“Why Cincinnati?” a member of Baton Rouge’s business community asked me in late May, when I mentioned I was going on BRAC’s Canvas Benchmarking Workshop. “You’d probably learn more in Hattiesburg.”
BRAC’s periodic canvas trips tend to elicit a certain amount of snarkiness from those who 1) dislike the chamber and the downtown business crowd it’s perceived to embody, 2) mistakenly assume the public will get stuck with the tab for a council member’s airfare or the mayor’s chicken dinner, or 3) think the whole thing is a waste of time.
Such criticisms are unfounded. The recent trip to southern Ohio was hardly a junket, and there were plenty of valuable lessons to be learned from The Queen City, as the one-time jewel of the Midwest is still fondly called.
Like Baton Rouge, Cincinnati—a city of some 300,000 residents—has a large, low-income population, blighted neighborhoods and a troubled mass transit system. Like Baton Rouge, it is part of a larger metro area that comprises prosperous suburban communities, though its metro area is admittedly three times larger than the Capital Region.
But unlike Baton Rouge—all of Louisiana, for that matter—Cincinnati has made impressive strides to address its problems over the past 25 years by working collaboratively on a series of redevelopment and economic development initiatives led almost exclusively by the business community.
Today, it has a redeveloped riverfront, a revitalized historic core, an emerging tech sector, model health care programs and, significantly, a growing economy.
It’s hard to imagine such private sector leadership coming from south Louisiana. Granted, Cincinnati has significant corporate heft. The metro area boasts nine Fortune 500 companies, including Procter & Gamble and Kroger. It is home to 15 others on the Fortune 1000 list, and dozens with significant operational bases in the area.
The entire state of Louisiana, by comparison, has just two Fortune 500 companies. Baton Rouge no longer has any.
But it’s not just the size or number of big companies in Cincinnati that have made the difference and helped that city bootstrap its way out of its Rust Belt challenges.
It’s the collective mindset of the corporate leadership, which has come to recognize that a rising tide lifts all ships. This means agreeing on a shared vision for the community and—this is important—investing in programs that help the poor by providing better health care, housing, job training and mass transit.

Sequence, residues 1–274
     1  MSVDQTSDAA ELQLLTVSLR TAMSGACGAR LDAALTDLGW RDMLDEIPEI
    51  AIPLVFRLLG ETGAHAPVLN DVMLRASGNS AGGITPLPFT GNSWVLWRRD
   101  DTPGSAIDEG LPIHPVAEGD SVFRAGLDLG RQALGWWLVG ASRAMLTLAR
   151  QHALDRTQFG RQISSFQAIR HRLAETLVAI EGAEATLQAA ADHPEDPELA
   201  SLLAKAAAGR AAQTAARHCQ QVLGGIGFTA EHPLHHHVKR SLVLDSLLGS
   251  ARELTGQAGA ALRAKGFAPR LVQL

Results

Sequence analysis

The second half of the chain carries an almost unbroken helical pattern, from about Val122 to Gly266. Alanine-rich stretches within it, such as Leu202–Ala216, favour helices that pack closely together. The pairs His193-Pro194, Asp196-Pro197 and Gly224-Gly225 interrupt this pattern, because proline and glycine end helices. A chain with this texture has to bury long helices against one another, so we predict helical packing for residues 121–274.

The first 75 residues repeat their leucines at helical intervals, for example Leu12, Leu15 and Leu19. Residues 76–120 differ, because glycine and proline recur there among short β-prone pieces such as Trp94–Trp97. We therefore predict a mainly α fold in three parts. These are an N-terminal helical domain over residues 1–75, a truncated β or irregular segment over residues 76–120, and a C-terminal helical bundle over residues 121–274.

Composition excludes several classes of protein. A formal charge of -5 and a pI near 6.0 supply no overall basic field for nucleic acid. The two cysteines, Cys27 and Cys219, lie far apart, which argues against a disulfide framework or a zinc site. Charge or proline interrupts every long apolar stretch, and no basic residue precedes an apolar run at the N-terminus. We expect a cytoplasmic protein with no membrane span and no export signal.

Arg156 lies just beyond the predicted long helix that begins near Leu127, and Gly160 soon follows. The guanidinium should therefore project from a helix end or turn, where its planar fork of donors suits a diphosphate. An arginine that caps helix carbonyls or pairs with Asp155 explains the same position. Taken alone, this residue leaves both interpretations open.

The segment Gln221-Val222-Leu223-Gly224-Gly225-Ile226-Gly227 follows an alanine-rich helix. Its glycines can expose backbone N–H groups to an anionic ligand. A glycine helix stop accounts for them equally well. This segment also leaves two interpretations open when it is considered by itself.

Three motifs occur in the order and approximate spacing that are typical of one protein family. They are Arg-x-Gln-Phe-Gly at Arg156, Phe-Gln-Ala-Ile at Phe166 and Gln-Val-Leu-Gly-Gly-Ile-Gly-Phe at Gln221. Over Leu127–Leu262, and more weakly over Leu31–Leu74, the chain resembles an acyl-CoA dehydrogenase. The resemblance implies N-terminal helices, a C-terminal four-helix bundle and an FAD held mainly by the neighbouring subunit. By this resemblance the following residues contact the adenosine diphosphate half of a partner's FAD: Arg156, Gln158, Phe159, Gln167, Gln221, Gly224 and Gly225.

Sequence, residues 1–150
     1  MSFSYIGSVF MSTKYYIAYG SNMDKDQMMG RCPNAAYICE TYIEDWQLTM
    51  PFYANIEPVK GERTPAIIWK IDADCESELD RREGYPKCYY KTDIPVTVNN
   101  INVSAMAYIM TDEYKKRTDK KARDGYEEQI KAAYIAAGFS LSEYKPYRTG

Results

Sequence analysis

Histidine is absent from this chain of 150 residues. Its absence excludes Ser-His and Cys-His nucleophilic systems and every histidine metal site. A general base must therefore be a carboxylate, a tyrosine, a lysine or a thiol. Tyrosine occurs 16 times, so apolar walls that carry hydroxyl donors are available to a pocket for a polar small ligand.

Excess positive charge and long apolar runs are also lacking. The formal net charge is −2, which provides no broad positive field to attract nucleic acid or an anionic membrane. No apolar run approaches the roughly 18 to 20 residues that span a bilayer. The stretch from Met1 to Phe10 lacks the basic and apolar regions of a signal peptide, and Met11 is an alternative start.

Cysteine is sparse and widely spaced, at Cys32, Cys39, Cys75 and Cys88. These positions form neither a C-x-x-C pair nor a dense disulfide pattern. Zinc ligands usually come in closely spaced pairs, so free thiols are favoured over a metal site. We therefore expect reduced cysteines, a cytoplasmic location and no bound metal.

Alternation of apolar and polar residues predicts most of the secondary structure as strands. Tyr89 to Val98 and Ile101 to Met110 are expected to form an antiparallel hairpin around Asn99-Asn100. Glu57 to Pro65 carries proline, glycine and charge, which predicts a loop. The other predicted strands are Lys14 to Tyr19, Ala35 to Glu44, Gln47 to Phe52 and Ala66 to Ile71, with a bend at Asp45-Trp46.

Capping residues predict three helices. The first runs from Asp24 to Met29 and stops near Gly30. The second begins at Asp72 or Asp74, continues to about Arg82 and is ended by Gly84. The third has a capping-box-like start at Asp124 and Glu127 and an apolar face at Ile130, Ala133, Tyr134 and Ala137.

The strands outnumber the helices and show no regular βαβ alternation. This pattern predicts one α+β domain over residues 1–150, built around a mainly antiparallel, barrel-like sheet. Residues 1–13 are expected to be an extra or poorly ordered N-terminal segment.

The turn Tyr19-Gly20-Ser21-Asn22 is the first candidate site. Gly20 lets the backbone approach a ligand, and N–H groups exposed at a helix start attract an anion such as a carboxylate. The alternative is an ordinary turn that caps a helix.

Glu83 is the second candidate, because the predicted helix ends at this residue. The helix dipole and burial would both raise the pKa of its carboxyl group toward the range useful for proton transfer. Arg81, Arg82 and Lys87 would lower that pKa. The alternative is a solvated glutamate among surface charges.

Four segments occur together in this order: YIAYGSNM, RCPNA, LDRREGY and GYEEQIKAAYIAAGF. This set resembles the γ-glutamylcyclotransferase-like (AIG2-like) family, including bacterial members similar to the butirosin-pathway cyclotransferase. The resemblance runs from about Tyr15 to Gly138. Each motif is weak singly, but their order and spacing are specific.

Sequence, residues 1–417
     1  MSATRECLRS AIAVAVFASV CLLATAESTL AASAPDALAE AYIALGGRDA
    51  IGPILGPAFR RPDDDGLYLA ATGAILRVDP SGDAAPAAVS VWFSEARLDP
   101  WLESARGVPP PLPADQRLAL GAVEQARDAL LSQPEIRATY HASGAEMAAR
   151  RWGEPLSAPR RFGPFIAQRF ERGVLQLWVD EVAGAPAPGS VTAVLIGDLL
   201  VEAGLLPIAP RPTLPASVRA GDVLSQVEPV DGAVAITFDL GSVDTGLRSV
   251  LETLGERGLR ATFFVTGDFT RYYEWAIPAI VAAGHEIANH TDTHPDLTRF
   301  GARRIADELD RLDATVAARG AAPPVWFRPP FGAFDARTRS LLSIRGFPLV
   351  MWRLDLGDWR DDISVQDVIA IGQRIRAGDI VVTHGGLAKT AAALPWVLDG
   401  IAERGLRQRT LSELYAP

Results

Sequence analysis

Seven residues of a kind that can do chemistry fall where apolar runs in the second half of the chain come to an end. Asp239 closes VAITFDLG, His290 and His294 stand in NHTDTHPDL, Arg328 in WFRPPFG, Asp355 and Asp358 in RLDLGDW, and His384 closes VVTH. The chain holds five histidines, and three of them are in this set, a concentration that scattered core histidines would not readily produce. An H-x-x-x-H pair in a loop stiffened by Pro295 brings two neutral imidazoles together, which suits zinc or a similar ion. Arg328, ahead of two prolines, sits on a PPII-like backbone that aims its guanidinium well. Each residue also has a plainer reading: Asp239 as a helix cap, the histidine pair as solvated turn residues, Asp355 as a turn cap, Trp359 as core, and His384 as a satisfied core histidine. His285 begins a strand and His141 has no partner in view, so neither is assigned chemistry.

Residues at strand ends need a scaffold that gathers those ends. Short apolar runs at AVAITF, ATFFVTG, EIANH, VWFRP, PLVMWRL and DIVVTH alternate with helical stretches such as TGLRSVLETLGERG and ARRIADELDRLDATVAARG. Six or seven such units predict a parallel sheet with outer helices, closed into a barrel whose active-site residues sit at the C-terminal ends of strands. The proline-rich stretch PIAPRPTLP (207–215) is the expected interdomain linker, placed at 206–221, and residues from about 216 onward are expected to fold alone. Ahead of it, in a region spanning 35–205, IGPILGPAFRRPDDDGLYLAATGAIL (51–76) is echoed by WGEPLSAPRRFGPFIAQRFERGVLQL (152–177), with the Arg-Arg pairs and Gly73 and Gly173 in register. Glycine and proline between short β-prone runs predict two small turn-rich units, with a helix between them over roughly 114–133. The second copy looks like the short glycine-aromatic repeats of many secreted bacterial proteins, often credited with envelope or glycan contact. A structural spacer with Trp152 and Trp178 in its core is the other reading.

Unfortunately, those from Baton Rouge who need to hear those stories the most didn’t bother to go on the trip.
In every panel discussion on the trip, we heard about how investing in the inner city and its low-income population isn’t just the right thing to do. It’s the best way to accomplish economic development. And it pays off when big companies come to the city and create thousands of jobs.
How many times do we have to hear this in Louisiana before it will sink in?
The story that really hit home was about the relationship between a couple of key business groups that have led the redevelopment efforts, the Cincinnati Business Committee—which comprises the city’s top 20 corporate CEOs—and the Cincinnati Regional Business Committee, a larger group of mid-cap company executives.
The CBC is a long standing organization, whose elite membership has a global perspective. and bought into the vision for redeveloping the city’s historic core a couple of decades ago.
But in the mid-2000s, its leaders realized they needed to better engage the area’s many mid-cap company executives, whose perspectives and concerns were more parochial. These were the guys whose companies were in the suburbs, and they didn’t see the wisdom in investing in the inner city.
So the CBC created and cultivated the CRBC, and over the past decade has educated them on why investing in inner city Cincinnati is good for all of Cincinnati.
Today, the CRBC membership has grown to more than 80 mid-market CEOs, who fund programs like Teach for America and lead initiatives to build a new bridge across the Ohio River.
The CBC and the CRBC are two different breeds, by their own admission. But they work together and they’re literally contributing millions of their own dollars, which they’ve leveraged to build not just a new baseball stadium, but to fund workforce training programs and diversity initiatives, among other things.
It sounds simple. It’s not. And it’s not all wine and roses in Cincinnati, which spent millions on a modern streetcar nobody rides and still has a large, visible homeless population.
But there is a lot of progress and reason for optimism.
Unfortunately, those from Baton Rouge who need to hear those stories the most didn’t bother to go on the trip. Rather, most of the attendees came from nonprofit and nongovernmental organizations, law firms and local government. They were an eager audience, but they already buy into the redevelopment thesis and don’t have the wherewithal to make it happen anyway.
Where is the business leadership in Baton Rouge? And, why is no one from the local business community willing to take the reins and rally private sector support for programs that help everyone in the community? Why were so few actual business leaders on the canvas trip? Perhaps they were too busy lobbying the Legislature to preserve corporate tax breaks, the state’s seemingly sole strategy for economic development?
“Sometimes these trips are great,” Baton Rouge General Medical Center CEO Edgar Tenreiro noted on the way home. “But they’re also a little bit depressing because you realize we’re so far behind.”